The Ardlamont Mystery: The Real-Life Story Behind the Creation of Sherlock Holmes

Daniel Smith. Michael O’Mara, $24.95 (256p) ISBN 978-1-78243-845-8
Despite the misleading subtitle, Smith (How to Think like Sherlock: Improve Your Powers of Observation, Memory and Deduction) provides the definitive look at a sensational homicide case. In 1893, six years after Conan Doyle’s first Holmes story was published, three men went out for a morning hunt on the Ardlamont Estate in Argyll, Scotland, and only two returned. Cecil Hambrough, a 20-year-old Army lieutenant, was killed by a shot in the back of the head, and one of his companions, Alfred Monson, who was retained by Hambrough’s family to tutor him, asserted that Cecil had shot himself. Suspicions quickly developed that Monson murdered his charge; he and his wife owned two policies insuring Cecil’s life, and just the evening before, Cecil almost died when the boat he was in, along with Monson, almost sank. The prosecution’s witnesses included “two pioneers of forensic science,” Dr. Joseph Bell and Dr. Henry Littlejohn, who were both significant influences on Conan Doyle’s fictional detective. Making use of extensive archival research, Smith presents the inquiry, trial, and its aftermath with just the right amount of detail. Sherlockians and true crime buffs alike will be intrigued. (May)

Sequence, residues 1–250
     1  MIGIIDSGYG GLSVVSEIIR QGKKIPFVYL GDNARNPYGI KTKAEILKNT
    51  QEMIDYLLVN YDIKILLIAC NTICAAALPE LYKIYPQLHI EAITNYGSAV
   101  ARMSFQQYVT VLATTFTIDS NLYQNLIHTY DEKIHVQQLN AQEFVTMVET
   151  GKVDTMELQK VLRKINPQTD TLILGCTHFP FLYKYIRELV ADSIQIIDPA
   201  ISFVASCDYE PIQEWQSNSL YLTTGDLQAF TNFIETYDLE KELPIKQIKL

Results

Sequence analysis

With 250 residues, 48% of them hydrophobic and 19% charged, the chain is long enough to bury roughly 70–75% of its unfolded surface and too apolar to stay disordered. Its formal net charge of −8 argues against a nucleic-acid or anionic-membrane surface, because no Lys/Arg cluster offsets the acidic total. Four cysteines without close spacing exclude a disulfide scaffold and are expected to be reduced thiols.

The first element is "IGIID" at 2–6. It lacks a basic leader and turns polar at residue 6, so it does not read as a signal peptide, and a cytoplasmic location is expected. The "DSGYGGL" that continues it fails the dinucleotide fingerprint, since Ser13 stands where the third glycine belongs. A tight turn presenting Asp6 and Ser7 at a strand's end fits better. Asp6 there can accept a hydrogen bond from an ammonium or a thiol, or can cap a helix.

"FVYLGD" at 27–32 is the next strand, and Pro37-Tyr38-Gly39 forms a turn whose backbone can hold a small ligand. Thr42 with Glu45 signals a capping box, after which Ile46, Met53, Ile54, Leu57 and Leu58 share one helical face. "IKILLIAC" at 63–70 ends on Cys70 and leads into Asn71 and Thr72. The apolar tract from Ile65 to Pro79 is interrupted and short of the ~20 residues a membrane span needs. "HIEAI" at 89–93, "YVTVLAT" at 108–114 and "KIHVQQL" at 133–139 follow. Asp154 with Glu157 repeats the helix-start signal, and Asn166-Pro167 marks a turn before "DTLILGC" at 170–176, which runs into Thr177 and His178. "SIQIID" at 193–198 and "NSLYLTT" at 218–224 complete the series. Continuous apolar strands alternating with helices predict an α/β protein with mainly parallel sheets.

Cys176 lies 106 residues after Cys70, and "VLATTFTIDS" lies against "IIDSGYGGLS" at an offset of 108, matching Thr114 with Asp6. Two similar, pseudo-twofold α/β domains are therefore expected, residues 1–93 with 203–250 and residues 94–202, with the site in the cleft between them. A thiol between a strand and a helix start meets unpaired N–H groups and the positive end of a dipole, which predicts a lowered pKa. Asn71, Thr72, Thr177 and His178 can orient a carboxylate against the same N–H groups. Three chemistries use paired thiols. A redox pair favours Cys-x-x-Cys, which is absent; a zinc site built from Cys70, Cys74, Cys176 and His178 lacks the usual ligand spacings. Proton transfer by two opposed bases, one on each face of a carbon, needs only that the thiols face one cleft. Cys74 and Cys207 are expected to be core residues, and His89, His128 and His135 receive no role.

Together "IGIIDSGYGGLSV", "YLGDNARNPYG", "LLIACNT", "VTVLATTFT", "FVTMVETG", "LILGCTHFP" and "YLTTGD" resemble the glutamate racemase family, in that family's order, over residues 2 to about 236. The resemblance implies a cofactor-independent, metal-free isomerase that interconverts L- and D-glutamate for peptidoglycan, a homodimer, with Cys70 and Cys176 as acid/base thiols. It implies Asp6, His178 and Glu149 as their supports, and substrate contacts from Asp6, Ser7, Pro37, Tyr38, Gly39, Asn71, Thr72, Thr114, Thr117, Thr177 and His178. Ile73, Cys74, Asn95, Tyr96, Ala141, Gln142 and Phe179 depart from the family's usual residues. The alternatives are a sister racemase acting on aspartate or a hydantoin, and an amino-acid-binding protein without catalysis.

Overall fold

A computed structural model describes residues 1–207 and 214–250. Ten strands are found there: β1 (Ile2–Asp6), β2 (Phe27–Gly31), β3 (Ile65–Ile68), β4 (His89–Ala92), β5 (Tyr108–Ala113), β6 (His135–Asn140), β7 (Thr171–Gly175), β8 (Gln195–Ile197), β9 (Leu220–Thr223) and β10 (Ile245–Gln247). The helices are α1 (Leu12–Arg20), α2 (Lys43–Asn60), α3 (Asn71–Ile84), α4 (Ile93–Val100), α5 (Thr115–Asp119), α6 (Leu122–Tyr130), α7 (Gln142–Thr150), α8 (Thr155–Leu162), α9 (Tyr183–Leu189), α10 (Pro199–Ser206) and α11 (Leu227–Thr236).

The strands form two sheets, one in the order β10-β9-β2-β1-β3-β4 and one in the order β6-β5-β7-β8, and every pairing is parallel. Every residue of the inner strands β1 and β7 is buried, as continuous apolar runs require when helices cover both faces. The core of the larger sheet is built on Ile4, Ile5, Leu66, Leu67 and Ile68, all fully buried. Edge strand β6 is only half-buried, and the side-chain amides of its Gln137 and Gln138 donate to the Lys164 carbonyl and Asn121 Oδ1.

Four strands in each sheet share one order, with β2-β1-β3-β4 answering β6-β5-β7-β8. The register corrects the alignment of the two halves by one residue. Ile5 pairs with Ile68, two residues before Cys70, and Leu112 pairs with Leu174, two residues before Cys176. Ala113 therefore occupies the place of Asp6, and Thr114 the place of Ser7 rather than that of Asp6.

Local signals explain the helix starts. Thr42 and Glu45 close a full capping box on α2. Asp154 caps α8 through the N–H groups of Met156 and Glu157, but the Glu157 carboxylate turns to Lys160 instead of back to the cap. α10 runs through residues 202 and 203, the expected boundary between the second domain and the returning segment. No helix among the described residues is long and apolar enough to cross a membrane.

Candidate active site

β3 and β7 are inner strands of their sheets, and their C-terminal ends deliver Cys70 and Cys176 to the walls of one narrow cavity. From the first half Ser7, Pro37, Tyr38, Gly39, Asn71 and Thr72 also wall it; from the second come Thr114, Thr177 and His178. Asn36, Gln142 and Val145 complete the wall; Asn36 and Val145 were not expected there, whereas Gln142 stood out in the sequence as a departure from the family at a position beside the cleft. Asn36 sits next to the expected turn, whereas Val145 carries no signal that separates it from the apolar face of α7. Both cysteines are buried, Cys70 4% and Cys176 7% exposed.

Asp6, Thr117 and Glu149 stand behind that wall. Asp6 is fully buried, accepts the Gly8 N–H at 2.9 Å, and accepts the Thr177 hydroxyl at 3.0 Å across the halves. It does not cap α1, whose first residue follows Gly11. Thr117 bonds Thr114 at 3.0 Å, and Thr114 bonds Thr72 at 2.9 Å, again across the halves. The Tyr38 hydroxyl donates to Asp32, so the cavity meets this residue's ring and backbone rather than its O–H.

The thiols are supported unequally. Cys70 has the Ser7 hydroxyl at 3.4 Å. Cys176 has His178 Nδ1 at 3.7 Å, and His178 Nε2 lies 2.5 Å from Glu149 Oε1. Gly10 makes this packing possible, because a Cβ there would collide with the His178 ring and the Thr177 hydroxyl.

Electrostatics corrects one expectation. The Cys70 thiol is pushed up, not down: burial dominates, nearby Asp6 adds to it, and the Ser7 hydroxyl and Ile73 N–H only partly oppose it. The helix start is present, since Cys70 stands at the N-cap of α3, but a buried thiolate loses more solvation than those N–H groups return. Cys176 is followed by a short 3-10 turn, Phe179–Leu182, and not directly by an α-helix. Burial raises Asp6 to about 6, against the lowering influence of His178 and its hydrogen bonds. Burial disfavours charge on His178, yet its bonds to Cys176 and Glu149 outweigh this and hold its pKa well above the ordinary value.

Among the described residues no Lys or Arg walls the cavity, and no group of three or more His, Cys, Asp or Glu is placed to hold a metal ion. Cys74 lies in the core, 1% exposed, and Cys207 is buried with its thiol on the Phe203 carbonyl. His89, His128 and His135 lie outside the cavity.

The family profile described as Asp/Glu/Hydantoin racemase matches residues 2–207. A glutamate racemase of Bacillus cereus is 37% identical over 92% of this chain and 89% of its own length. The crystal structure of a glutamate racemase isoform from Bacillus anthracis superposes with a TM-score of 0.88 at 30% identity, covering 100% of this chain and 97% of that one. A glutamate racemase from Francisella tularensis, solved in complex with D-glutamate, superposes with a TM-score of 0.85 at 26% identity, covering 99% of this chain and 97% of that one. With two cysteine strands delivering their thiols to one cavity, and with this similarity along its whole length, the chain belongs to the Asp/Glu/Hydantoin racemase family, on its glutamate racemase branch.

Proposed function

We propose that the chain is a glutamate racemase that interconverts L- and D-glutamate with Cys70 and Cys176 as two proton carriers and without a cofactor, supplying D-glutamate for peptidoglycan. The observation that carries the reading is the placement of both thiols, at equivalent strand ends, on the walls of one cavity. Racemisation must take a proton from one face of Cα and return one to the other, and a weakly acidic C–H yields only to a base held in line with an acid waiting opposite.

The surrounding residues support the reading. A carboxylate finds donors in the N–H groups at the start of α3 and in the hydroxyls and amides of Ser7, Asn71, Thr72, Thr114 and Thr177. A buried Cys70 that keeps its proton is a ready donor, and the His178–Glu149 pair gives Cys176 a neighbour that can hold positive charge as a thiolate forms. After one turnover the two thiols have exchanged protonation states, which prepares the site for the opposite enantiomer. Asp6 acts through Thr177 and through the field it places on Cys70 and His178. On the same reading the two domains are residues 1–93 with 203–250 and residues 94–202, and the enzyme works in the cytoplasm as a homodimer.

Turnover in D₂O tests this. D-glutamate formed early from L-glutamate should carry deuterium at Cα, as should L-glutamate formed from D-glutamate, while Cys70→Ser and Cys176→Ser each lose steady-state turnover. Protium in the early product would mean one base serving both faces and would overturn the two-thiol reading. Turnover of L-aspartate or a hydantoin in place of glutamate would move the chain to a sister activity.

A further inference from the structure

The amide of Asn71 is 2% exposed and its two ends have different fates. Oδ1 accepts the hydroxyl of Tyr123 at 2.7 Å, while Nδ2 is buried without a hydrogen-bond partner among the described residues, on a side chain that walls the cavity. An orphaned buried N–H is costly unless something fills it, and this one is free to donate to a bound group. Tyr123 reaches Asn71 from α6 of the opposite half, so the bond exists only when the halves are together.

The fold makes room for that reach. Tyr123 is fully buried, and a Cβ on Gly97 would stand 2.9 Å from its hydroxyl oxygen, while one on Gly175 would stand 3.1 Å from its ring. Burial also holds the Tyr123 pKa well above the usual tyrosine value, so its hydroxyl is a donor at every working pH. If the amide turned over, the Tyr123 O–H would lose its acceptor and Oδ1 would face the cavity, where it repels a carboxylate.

Reviewed on : 03/11/2019
Release date: 04/30/2019
Genre: Nonfiction
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